Funds To Replace
At 7 Intersections
BY SARAH R. GREGORY
Several traffic signals in Greeneville will soon undergo work to make their timing more efficient and save frustrated motorists excessive wait-times at red lights.
The Greeneville Board of Mayor and Aldermen voted unanimously Tuesday in favor of a bid to replace detector loops at seven intersections and perform repairs on three others.
They took the action at the regular meeting of the Board of Mayor and Aldermen.
Detector loops are found in the pavement under traffic signals, near a lane's stop line. They detect approaching traffic and send a signal back to a control center so that the most efficient light-changing pattern can be used to suit traffic flow.
Greeneville Public Works Director Brad Peters told the board that detector loops at seven intersections were to be replaced by Knoxville-based Progression Electric, Greeneville's maintenance contractor for the signals.
At those seven intersections, Peters said, at least one approach is running on a timer but is failing to detect approaching vehicles.
That failure results in excessive wait-times in some cases, Peters said, particularly late at night, when there may not be any cross-traffic at all.
The seven intersections that will have replacement detector loops installed are:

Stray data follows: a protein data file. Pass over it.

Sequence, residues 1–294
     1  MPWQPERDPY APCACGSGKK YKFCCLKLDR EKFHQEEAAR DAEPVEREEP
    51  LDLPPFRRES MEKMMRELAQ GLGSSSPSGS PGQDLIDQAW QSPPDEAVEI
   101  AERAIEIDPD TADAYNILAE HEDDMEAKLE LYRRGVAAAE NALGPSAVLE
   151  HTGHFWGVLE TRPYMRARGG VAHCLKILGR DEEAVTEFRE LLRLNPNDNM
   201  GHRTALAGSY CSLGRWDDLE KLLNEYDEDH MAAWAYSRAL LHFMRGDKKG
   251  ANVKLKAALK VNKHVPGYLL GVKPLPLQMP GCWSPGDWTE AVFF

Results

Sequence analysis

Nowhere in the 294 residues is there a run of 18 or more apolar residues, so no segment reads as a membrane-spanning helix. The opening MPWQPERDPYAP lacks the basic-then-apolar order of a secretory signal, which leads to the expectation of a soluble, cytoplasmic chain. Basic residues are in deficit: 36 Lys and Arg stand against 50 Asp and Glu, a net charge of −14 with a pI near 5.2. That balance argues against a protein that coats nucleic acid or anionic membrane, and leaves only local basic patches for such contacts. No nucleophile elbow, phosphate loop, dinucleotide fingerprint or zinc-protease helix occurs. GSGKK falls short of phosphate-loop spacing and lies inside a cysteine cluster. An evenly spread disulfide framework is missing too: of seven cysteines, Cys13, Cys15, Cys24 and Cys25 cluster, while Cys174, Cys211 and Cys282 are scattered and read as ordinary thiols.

* East Andrew Johnson Highway (U.S. 11-E) at the Erwin Highway (Tenn. Rt. 107);
* Tusculum Boulevard at Bernard Avenue;
* McKee Street at College Street;
* College Street at Church Street;
* Asheville Highway (Tenn. Rt. 70) at Vann Road;
* Summer Street at Arnold Road; and,
* East Andrew Johnson Highway at Rufe Taylor Road.
Three more intersections have loops that are still functioning but need repairs or to be resealed in the pavement.
Those three intersections are:
* Bernard Avenue at McKee Street;
* Tusculum Boulevard at Justis Drive; and,
* Church Street at Bernard Avenue.
Peters said that the loop failures were likely the result of insufficient maintenance during a period of many years.
He said in a follow-up interview that the intersections listed here as being in need of replacement or repair are the only ones in Greeneville with known problems relating to detector loops.
The cost for the project is estimated at just over $17,000.
Peters said that the expense would result in one line item in the Public Works Department's 2013-2014 budget being in excess of what had been budgeted for the current fiscal year.
However, he noted, the expense will be made up elsewhere in the total department budget, which is currently experiencing savings as a result of having six fewer employees on its payroll than last year.
(Peters explained in a follow-up interview that, when the 2012-2013 budget was prepared, the Department of Public Works had 36 employees.
(During that budget year, he said, three of the department's staff retired, one went on disability, and two were discharged.
(Those six positions were included in the 2013-2014 Department of Public Works budget, he said, but the positions have not yet been actually filled.
(However, he explained, Waste Industries, a private company, has been contracted to operate the Greeneville-Greene County Transfer Station and Demolition Landfill, which has been being operated by Town of Greeneville employees.
(The changeover to Waste Industries is expected to take place no later than Nov. 1.
(When it does take place, he said, either five or six of the employees who have been working at the transfer station and landfill will become employees of the Department of Public Works.)